How to build coping skills for anxiety

View from below of guy writing in notebook

It can be tricky knowing how to help a teenager with anxiety. From helping them learn coping techniques, to making lifestyle changes as a family, there are things you can do to help your teen manage their anxiety.

Coping strategies for anxiety

Breathing exercises

Physical symptoms of anxiety include rapid, shallow breathing and hyperventilation. These symptoms can sometimes trigger panic attacks. Try teaching your teenager some breathing exercises to help immediately reduce their anxiety symptoms and calm them down. For example, try the 'long exhale':

  1. Thoroughly exhale, pushing all the air out of your lungs.

  2. Take a deep breath and inhale slowly, counting to four.

  3. Exhale slowly, counting to six. Try to spend more time exhaling than inhaling.

  4. Repeat for two to five minutes.

Going for a walk or doing light exercise This can help to distract the mind and manage the physical symptoms of anxiety and stress. It’s also an opportunity to take a break from whatever is making your teen anxious.

Writing down worries Writing down your worries and setting aside a designated time to come back to them is a technique used in cognitive behavioural therapy (CBT) and can help ensure that excessive worrying – which can lead to anxiety – doesn’t take over someone’s life. ReachOut has developed an app called WorryTime to guide young people through the process.

Meditation and mindfulness These tools teach you how to focus on the present, instead of worrying about things in the past or the future. Smiling Mind is an app designed to teach young people mindfulness meditation, a technique that has been shown to help with anxiety.

Find more ways young people can manage their anxiety here.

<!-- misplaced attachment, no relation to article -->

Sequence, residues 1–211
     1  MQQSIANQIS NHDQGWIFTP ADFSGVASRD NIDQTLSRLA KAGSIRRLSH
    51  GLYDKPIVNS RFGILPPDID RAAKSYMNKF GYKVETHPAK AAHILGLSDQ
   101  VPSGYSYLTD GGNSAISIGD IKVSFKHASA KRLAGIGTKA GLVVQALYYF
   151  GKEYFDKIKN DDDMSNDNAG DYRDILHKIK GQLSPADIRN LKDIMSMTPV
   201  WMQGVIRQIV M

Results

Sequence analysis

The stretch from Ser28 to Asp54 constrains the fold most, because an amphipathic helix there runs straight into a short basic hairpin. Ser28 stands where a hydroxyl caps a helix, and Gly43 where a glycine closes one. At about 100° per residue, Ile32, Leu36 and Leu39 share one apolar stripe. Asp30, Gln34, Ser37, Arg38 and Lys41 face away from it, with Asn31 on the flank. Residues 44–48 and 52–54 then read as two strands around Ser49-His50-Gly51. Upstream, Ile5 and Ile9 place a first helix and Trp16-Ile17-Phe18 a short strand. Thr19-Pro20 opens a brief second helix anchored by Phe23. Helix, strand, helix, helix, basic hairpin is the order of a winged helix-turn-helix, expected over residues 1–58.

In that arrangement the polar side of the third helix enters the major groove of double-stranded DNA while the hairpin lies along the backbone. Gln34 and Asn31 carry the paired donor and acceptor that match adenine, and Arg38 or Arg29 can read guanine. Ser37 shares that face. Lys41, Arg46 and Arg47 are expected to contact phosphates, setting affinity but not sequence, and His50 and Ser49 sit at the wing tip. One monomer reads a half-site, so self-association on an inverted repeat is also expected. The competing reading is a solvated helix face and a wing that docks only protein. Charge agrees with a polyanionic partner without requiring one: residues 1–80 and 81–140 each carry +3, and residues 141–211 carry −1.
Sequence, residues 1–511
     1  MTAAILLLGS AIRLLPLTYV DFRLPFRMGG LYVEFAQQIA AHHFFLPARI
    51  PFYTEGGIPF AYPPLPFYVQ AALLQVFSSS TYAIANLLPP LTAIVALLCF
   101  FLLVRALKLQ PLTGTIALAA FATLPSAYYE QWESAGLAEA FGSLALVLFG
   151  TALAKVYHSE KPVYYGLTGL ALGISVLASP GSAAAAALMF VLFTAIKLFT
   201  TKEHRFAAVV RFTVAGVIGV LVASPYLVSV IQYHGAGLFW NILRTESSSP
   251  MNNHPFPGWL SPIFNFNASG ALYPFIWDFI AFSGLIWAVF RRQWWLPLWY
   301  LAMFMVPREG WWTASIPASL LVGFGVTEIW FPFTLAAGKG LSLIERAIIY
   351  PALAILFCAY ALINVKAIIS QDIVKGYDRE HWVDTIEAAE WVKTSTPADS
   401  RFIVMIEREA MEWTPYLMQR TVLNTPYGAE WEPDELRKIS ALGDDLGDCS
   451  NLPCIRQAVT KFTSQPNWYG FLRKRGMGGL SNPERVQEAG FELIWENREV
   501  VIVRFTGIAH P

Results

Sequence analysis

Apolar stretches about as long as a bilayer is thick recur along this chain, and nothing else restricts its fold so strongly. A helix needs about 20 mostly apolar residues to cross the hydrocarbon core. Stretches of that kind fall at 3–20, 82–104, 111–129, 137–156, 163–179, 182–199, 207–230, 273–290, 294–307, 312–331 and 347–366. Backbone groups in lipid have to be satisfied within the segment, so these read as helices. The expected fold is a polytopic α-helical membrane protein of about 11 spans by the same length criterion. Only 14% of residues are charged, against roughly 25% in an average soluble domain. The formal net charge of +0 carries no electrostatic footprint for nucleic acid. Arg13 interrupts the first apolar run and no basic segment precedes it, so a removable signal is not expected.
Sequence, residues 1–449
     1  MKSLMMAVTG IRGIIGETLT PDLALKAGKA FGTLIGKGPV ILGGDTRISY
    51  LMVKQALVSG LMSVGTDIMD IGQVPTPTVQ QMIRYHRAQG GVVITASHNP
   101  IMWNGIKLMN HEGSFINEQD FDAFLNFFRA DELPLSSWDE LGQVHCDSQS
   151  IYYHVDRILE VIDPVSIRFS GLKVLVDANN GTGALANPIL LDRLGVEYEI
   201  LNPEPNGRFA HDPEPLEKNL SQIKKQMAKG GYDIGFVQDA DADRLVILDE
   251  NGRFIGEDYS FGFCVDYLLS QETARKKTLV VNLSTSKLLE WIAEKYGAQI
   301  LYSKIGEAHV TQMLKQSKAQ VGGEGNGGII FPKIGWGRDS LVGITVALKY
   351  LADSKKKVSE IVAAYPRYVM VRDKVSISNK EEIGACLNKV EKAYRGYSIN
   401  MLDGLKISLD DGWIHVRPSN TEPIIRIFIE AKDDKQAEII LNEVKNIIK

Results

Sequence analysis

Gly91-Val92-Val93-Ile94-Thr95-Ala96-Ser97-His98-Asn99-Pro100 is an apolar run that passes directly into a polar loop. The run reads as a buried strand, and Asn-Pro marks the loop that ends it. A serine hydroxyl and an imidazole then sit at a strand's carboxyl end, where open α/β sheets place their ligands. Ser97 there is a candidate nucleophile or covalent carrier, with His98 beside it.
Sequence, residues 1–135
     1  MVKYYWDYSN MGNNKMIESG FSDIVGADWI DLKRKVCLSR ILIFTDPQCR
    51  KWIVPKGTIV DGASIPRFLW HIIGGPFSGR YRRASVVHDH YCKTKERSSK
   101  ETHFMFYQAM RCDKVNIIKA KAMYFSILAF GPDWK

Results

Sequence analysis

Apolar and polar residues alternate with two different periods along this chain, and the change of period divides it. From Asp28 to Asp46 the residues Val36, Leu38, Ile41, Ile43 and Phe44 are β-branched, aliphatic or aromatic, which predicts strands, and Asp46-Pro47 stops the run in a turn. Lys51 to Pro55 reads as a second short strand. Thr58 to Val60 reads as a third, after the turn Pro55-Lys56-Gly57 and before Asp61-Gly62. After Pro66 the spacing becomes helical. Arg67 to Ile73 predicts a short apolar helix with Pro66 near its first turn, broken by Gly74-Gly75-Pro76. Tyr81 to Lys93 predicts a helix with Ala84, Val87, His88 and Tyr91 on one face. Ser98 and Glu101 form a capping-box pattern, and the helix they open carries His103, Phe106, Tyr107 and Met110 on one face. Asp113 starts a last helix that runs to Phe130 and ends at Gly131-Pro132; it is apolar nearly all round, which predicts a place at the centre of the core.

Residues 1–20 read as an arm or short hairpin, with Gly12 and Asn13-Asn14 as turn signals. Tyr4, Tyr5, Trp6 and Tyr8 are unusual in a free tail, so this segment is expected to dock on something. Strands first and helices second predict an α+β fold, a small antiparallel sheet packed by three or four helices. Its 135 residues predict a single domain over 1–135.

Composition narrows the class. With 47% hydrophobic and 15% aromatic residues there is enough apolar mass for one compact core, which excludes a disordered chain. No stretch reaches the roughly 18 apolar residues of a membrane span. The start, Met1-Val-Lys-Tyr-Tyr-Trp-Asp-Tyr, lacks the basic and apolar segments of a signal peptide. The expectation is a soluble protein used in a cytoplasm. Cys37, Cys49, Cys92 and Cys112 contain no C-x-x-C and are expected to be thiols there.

Lifestyle changes for coping with teenage anxiety

Dealing with teenage anxiety can be tough for a lot of parents. It's important for your child to be aware of their anxiety, and of techniques they can use to cope and manage their symptoms. There are also things that your child can do to avoid making their anxiety worse.

Anxiety can be triggered by:

  • lack of sleep

  • major life events

  • poor health

  • illness

  • hormonal changes

  • alcohol and other drugs.

Maintaining a healthy lifestyle can reduce the effects of anxiety and give your teen better skills to cope with the ups and downs of everyday life. You could encourage the whole family to be involved in these things.

  • Regular exercise. Being active has been shown to reduce anxiety and depression. Exercise is not only a great stress reliever, but also helps to improve physical health.

  • Healthy eating habits. A regular eating schedule, nutritious meals/snacks and staying hydrated all support your physical and mental development.

  • Regular sleep schedule. Your brain needs time to rest and recharge. Getting enough sleep helps us to make good decisions and be present in what’s happening, and lowers stress levels.

  • Connecting to others. None of us can get through life alone. Spend time together as a family, encourage your teen to hang out with their friends, and talk to your teen regularly to maintain your connection with them.

Get more practical tips for your family’s wellbeing here.

If your teen's symptoms aren't improving after trying these coping strategies for teenage anxiety, or if they've been going on for a while, it could be time to think about whether your teen could benefit from professional support.

Did you find what you needed?

  • I need to know more - Read our fact sheet about anxiety.